The Nighthawks

Details
Date:

May 3

Time:

08:00 pm - 09:30 pm

Click to Register: https://www.eventbrite.com/e/the-nighthawks-tickets-698537643897
Organizer

The Tin Pan

Website: https://www.eventbrite.com/o/the-tin-pan-18118706299
Venue

The Tin Pan

8982 Quioccasin Road, Richmond, VA 23229

Richmond, VA, US, 23229

The Nighthawks appearing at The Tin Pan in Richmond, VA

Seating: We assign seats in order of when you purchase your tickets. All reservations are subject to a food and drink minimum of $15 per guest. Gratuity of 20% is automatically added to all food and beverage purchases.

Box Office: The Tin Pan charges lower fees for box office versus online sales. Our box office is open Tue-Sat 12PM-5PM. Please visit us during those hours or call 804-447-8189.

The Nighthawks

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Legends of Blues and Rock – “Established 1972”

On this landmark anniversary, founder, lead singer, and harpmaster, Mark Wenner, is still at the helm, while drummer Mark Stutso, guitarist Dan Hovey and bassist Paul Pisciotta all share vocals and songwriting, making this lineup on the strongest ever. Decades of gigs and countless rabid fans have earned them the name “The Best Bar Band In The World.” More than a bar band or blues band, as they’re frequently labeled, this is a band that played with Carl Perkins in addition to Muddy Waters.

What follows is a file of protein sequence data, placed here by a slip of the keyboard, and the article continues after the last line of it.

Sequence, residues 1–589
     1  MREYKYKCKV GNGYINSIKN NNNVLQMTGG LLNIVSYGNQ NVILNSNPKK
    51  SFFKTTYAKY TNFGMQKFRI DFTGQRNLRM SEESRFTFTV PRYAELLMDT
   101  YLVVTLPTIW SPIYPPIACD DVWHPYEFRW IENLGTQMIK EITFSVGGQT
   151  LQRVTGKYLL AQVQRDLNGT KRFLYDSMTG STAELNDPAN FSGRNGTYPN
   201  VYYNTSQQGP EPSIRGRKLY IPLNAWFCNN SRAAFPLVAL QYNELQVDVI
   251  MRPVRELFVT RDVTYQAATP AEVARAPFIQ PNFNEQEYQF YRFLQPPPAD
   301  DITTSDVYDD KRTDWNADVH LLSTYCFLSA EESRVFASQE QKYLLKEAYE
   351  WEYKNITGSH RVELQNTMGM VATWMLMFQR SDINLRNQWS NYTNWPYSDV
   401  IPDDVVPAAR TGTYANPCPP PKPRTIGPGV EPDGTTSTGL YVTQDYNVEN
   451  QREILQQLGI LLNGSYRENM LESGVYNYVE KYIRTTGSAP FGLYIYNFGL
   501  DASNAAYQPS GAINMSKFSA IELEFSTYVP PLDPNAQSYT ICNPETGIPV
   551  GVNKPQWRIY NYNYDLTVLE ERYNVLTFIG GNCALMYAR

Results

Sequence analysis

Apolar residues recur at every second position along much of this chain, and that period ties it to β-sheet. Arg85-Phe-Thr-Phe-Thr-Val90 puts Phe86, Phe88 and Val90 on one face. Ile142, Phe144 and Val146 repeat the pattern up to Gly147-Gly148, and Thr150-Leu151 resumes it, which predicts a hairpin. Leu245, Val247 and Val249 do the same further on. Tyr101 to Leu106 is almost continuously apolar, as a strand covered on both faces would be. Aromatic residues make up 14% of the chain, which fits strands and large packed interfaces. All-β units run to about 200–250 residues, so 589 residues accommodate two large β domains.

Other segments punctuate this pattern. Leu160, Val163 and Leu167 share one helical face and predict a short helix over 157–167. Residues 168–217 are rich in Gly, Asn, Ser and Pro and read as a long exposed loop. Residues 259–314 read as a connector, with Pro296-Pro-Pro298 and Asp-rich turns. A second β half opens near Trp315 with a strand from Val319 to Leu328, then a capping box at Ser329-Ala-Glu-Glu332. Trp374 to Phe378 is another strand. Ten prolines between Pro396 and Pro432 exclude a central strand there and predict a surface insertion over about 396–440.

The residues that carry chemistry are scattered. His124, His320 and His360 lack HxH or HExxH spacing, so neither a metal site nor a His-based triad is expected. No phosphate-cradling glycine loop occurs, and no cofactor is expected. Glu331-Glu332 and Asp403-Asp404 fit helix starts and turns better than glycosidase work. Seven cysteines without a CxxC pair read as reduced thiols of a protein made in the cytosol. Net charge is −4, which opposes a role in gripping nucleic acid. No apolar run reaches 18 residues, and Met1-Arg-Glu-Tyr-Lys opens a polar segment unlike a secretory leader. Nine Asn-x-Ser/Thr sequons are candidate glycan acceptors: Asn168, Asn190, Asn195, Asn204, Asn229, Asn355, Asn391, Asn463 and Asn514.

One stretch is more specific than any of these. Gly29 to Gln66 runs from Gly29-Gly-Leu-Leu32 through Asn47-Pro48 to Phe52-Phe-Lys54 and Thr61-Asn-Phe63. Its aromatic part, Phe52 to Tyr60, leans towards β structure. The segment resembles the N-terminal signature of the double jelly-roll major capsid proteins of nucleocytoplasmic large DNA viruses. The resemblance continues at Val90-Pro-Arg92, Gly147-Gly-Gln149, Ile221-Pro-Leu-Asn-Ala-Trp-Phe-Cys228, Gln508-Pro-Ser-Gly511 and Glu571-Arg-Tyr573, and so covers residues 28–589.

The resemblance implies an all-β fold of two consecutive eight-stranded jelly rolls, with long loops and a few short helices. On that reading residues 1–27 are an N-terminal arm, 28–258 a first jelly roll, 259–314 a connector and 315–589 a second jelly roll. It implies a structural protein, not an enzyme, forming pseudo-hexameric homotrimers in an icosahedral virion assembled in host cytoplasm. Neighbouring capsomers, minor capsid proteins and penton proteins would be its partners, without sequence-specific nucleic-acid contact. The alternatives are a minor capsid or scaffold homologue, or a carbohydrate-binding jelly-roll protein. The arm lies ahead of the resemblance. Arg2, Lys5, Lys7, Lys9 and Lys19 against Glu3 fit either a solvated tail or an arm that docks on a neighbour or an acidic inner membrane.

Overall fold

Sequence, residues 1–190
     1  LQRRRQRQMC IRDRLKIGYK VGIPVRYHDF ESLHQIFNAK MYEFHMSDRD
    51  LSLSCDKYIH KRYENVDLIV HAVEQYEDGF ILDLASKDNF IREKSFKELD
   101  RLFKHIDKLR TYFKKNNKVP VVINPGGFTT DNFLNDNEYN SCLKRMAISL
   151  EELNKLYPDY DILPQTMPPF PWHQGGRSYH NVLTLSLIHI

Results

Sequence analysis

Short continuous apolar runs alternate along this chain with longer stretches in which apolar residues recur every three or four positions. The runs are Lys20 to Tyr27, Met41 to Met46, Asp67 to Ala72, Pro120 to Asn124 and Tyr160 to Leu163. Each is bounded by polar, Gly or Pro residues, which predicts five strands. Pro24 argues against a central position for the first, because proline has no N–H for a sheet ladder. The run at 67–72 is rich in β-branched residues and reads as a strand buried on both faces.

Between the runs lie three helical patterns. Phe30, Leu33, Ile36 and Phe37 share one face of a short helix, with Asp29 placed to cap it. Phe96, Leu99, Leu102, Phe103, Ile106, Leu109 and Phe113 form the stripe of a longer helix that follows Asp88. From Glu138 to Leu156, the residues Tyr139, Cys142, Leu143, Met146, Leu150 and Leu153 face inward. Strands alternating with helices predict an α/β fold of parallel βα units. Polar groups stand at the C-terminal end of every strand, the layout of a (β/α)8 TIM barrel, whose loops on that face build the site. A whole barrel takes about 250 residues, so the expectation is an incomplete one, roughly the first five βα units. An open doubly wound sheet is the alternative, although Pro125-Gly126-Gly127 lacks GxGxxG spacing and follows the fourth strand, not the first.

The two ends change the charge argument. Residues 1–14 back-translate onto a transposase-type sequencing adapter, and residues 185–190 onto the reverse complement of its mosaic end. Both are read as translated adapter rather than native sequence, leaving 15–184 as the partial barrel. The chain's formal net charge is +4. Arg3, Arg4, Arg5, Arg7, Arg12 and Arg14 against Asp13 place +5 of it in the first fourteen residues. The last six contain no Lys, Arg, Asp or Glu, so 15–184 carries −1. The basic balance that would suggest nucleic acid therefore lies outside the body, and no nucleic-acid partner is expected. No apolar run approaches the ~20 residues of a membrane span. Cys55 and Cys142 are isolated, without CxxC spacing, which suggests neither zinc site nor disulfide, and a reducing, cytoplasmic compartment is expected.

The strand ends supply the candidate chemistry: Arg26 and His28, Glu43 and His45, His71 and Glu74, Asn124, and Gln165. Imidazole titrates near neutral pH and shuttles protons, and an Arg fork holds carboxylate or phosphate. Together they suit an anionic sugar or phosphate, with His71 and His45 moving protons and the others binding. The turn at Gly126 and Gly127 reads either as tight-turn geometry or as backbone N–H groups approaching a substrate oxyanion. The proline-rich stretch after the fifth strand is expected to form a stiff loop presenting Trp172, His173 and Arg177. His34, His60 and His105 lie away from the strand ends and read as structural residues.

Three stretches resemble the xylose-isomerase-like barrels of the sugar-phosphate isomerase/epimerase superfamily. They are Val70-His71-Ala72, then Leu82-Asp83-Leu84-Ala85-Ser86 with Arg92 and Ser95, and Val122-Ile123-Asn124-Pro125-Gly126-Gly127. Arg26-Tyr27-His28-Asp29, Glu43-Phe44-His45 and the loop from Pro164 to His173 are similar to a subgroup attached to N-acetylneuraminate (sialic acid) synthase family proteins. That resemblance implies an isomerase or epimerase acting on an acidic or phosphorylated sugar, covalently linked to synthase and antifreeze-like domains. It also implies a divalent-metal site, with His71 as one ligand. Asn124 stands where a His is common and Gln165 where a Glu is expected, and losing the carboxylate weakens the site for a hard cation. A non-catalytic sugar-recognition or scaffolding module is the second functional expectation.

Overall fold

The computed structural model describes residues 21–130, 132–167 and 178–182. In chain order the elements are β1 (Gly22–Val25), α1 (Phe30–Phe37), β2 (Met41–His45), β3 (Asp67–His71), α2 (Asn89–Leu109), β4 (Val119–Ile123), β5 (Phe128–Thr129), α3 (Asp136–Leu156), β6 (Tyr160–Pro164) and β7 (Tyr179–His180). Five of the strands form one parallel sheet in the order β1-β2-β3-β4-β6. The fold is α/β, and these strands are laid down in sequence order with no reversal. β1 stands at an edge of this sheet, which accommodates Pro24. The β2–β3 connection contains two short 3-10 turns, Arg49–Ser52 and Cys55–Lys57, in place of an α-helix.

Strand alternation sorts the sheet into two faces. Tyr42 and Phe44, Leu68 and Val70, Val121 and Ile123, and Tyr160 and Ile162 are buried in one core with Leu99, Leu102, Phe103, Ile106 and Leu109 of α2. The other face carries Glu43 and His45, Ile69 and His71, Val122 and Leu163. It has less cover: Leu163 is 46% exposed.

Current Lineup for the Nighthawks is:

Mark Wenner: Vocals, Harmonica

Mark Stutso: Drums, Vocals

Paul Pisciotta: Bass

Dan Hovey: Guitar, Vocals

The Nighthawks was an idea in Mark Wenner’s brain long before he was able to implement it. The musical product of pre-1958 radio in Washington, D.C., he did not know there were rules against mixing blues, R&B, honky-tonk country, doo-wop, gospel and rockabilly into one delicious stew.

In 1972, Mark, then 23, returned to his hometown after a New York City band apprenticeship, eager to start a real, work-every-night band based on American roots music. He found a receptive local scene. Washington has long been a musical melting-pot of the kind that made Memphis the source point for the evolution of American music in the second half of the 20th Century. It just never had a Stax or Sun record label to tell the world. As the city exploded with an influx of people from all the surrounding states during the Great Depression and World War II, Washington became a hotbed of musical cross-fertilization. When Bill Haley first brought his wacky Pennsylvania mix of hillbilly music and rhythm and blues to D.C. in 1952, people got it. And white kids like Mark found the Howard Theater – now recently restored and part of the historic top tier of the Chitlin’ Circuit that included Baltimore’s Royal, Chicago’s Regal and New York’s Apollo – just a 25-cent bus ride away from the suburbs.